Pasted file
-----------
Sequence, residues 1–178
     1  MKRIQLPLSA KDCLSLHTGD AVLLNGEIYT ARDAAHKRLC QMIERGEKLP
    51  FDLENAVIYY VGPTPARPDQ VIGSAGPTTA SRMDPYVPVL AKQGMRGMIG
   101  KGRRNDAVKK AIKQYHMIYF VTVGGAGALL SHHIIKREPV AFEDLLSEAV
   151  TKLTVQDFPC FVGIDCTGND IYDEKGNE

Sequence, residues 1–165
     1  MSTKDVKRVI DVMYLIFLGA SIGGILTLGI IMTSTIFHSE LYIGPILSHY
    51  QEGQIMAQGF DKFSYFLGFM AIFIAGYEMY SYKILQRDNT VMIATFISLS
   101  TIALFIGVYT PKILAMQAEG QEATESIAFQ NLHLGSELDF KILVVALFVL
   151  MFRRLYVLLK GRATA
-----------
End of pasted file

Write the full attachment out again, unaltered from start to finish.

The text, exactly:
Sequence, residues 1–178
     1  MKRIQLPLSA KDCLSLHTGD AVLLNGEIYT ARDAAHKRLC QMIERGEKLP
    51  FDLENAVIYY VGPTPARPDQ VIGSAGPTTA SRMDPYVPVL AKQGMRGMIG
   101  KGRRNDAVKK AIKQYHMIYF VTVGGAGALL SHHIIKREPV AFEDLLSEAV
   151  TKLTVQDFPC FVGIDCTGND IYDEKGNE

Sequence, residues 1–165
     1  MSTKDVKRVI DVMYLIFLGA SIGGILTLGI IMTSTIFHSE LYIGPILSHY
    51  QEGQIMAQGF DKFSYFLGFM AIFIAGYEMY SYKILQRDNT VMIATFISLS
   101  TIALFIGVYT PKILAMQAEG QEATESIAFQ NLHLGSELDF KILVVALFVL
   151  MFRRLYVLLK GRATA